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“Boys in Blue” documentary sheds light a community still dealing with the May 2020 murder of George Floyd

Jan 31, 2023


In the late 1990s, Minneapolis North High School was a basketball powerhouse in the state of Minnesota. 

Led by Khalid El-Amin, Jabbar Washington and Ozzie Lockhart, they had a record of 81-4 in 3 years while winning 3 state championships. Fast forward a decade later, things took a turn for the worse for the North community when the superintendent Bernadeia Johnson decided to close down the school due to a terrible enrollment rate.

During the fall of 2012, the high school reopened and it started to bloom. Graduation rates skyrocketed from 55% to 87%. Students started participating in extracurricular activities like clubs, volunteering and most importantly, football. Along with students excelling in the classroom, interesting things began to happen on the gridiron.

The four-part documentary series “Boys in Blue” premiered Jan 6 spotlighting North Community High School and its football team as the players come of age in the aftermath of the police killing of George Floyd. The North Polars are coached and mentored by members of the Minneapolis Police Department, and together they navigate through rising tensions between law enforcement and the community. 

The clock ticks toward a public referendum that determines the fate of the force and the livelihood of the Polars’ coaching staff. The documentary follows the 2021 team while the community dealt with the May 2020 murder of Floyd (six miles from the high school) and an effort to defund the Minneapolis Police Department.

The Polars’ goal was the state playoffs held in U.S. Bank Stadium, home of the Minnesota Vikings. However, this documentary isn’t about the scrappy inner-city team battling against all odds to make it to the state finals and win the championship.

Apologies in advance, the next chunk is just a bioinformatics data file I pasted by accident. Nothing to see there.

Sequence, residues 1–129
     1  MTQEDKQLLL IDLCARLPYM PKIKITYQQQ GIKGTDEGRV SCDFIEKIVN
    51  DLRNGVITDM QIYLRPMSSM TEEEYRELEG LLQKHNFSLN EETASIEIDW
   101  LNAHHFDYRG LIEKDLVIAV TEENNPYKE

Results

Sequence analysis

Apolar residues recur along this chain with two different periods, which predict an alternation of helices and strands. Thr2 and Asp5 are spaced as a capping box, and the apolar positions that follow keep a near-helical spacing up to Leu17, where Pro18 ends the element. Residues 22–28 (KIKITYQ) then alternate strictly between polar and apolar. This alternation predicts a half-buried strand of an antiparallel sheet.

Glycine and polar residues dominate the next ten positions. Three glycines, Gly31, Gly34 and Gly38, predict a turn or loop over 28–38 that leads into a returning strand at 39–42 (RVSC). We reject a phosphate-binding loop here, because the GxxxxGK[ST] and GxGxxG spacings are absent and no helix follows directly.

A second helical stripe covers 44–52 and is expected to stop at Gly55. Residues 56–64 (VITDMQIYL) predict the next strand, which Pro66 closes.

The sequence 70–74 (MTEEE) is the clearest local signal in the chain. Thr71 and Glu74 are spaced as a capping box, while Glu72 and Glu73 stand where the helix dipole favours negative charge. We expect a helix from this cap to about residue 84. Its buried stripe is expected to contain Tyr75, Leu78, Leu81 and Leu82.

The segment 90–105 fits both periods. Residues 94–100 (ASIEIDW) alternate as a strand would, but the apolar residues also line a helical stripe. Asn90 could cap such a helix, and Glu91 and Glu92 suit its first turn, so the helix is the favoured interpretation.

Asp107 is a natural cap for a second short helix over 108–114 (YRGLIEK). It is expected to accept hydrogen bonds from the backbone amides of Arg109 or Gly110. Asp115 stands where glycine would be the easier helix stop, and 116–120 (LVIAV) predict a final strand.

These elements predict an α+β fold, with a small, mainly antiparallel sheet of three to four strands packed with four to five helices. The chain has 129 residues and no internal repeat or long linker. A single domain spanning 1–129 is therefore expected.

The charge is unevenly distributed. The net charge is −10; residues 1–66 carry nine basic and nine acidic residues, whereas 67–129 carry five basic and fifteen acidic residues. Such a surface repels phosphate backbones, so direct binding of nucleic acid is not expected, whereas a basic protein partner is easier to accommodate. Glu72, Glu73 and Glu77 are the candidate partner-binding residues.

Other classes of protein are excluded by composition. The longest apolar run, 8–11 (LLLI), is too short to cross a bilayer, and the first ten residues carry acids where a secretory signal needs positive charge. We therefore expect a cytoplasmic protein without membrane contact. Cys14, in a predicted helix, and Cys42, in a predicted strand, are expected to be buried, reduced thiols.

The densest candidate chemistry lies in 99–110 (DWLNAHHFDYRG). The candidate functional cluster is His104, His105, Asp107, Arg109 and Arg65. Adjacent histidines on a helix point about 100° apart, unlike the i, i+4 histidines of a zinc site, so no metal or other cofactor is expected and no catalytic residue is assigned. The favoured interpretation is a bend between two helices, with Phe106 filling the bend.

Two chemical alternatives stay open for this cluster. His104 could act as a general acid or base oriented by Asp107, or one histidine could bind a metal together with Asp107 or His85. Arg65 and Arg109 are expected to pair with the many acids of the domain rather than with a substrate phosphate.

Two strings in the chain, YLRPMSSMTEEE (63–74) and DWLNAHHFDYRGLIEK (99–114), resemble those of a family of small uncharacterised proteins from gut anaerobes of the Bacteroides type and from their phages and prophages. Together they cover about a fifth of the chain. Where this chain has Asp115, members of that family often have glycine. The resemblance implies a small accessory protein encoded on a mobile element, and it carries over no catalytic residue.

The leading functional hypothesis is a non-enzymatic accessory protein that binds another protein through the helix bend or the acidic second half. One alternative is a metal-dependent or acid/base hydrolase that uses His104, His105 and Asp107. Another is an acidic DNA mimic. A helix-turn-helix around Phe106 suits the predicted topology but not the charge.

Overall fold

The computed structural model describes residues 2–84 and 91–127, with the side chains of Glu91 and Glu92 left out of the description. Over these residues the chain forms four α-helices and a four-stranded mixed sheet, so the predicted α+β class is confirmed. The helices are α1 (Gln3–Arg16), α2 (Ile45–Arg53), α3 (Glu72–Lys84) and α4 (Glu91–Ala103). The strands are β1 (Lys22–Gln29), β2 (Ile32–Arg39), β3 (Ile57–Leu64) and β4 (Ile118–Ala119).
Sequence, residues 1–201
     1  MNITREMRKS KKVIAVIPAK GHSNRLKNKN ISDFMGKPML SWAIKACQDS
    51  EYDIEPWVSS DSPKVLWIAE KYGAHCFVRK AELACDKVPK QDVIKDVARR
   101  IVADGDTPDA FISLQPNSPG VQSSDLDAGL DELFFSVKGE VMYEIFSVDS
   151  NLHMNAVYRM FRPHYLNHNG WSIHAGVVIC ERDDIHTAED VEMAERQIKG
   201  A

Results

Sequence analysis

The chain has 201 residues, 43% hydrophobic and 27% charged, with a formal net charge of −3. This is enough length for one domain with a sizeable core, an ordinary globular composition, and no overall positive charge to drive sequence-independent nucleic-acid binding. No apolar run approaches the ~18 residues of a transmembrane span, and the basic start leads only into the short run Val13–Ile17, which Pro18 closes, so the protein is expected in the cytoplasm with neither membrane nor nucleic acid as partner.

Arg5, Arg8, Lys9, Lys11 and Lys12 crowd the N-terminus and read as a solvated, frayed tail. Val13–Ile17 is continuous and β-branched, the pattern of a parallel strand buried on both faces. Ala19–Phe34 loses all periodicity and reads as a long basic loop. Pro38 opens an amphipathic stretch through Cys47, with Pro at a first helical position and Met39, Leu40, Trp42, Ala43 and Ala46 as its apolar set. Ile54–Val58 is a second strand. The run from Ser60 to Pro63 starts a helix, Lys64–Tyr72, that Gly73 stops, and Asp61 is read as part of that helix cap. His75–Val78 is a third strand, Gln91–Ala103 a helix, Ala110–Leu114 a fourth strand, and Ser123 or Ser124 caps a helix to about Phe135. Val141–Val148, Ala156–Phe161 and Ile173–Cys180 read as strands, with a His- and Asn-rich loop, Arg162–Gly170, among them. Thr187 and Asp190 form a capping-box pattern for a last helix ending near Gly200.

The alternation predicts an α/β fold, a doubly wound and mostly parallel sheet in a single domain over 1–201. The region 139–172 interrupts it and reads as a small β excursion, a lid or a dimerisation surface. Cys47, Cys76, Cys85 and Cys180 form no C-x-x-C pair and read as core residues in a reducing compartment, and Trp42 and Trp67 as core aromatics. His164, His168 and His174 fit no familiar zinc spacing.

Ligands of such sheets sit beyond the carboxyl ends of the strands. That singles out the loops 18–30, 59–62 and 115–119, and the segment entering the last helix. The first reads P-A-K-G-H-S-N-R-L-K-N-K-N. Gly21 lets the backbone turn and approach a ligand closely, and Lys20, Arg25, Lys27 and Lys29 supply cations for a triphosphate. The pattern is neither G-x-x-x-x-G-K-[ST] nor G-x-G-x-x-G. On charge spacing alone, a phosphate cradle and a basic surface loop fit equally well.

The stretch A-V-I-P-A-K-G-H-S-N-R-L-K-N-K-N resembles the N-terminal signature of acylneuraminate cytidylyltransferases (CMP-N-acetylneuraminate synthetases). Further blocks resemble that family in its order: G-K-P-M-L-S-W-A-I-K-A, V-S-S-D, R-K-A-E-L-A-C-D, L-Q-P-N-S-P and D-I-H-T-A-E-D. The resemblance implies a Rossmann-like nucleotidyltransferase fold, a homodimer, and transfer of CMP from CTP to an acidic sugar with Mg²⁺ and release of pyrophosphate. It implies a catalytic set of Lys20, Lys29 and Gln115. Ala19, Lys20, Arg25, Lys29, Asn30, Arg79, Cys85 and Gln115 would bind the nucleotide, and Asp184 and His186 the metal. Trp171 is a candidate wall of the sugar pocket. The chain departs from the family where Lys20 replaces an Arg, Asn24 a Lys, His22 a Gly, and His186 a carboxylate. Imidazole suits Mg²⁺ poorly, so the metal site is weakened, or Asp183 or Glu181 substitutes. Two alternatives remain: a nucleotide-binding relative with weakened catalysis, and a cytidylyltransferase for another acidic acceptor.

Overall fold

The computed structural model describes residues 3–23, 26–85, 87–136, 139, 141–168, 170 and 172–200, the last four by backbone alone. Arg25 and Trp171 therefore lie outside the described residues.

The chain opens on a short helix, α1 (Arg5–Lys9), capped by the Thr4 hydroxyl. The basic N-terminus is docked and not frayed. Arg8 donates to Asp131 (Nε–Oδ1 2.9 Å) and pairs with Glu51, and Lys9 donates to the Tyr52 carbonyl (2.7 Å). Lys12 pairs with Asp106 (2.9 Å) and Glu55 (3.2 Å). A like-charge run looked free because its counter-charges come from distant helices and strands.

So many sport documentaries show the run-of-the-mill path to the thrill of victory or the agony of defeat, but this documentary has no victories. After the team comes up short to make it to the championship, their star quarterback Deshaun “D-Hill” Hill gets shot in cold blood. Boys In Blue is painfully must-see television.

Hill was shot on his way home last February after he bumped into the alleged gunman Cody Fohrenkam, 29, on an icy narrow sidewalk in Golden Valley. Fohrenkam’s trial for second-degree murder was pushed back from November to January 17, 2023. 

Kahlil Brown, D-Hill’s lifelong best friend, had already watched the documentary with his football team before he came to the screening, reliving that year by watching the documentary. 

“It was a lot. It was difficult to pick a favorite part, but I liked seeing D-Hill smile,” Brown said.

The death of Hill left a huge hole in the community and the team. 50 people gathered in the music room at Lucy Laney Community School on the night the documentary aired. Boys in Blue represented something else: a chance to see their fallen son, friend, and star quarterback, Deshaun Hill, Jr. one more time. Midway through the first episode, many had to take a break because they could not handle it.

“A lot of kids said, instead of being LeBron James, they wanted to be D-Hill,” said Tuesday Sheppard, Hill’s mother. “It makes me feel like I didn’t fail him, and I did what I was supposed to do as a mother. I raised him right. It’s just unfortunate that it happened.” 

Directed by Peter Berg, who also directed Friday Night Lights, The Kingdom, and Deep Water Horizon, the documentary aired Friday, January 6 at 8 pm for four consecutive Fridays. All four episodes are available on demand and streamed for Showtime subscribers as of January 6.

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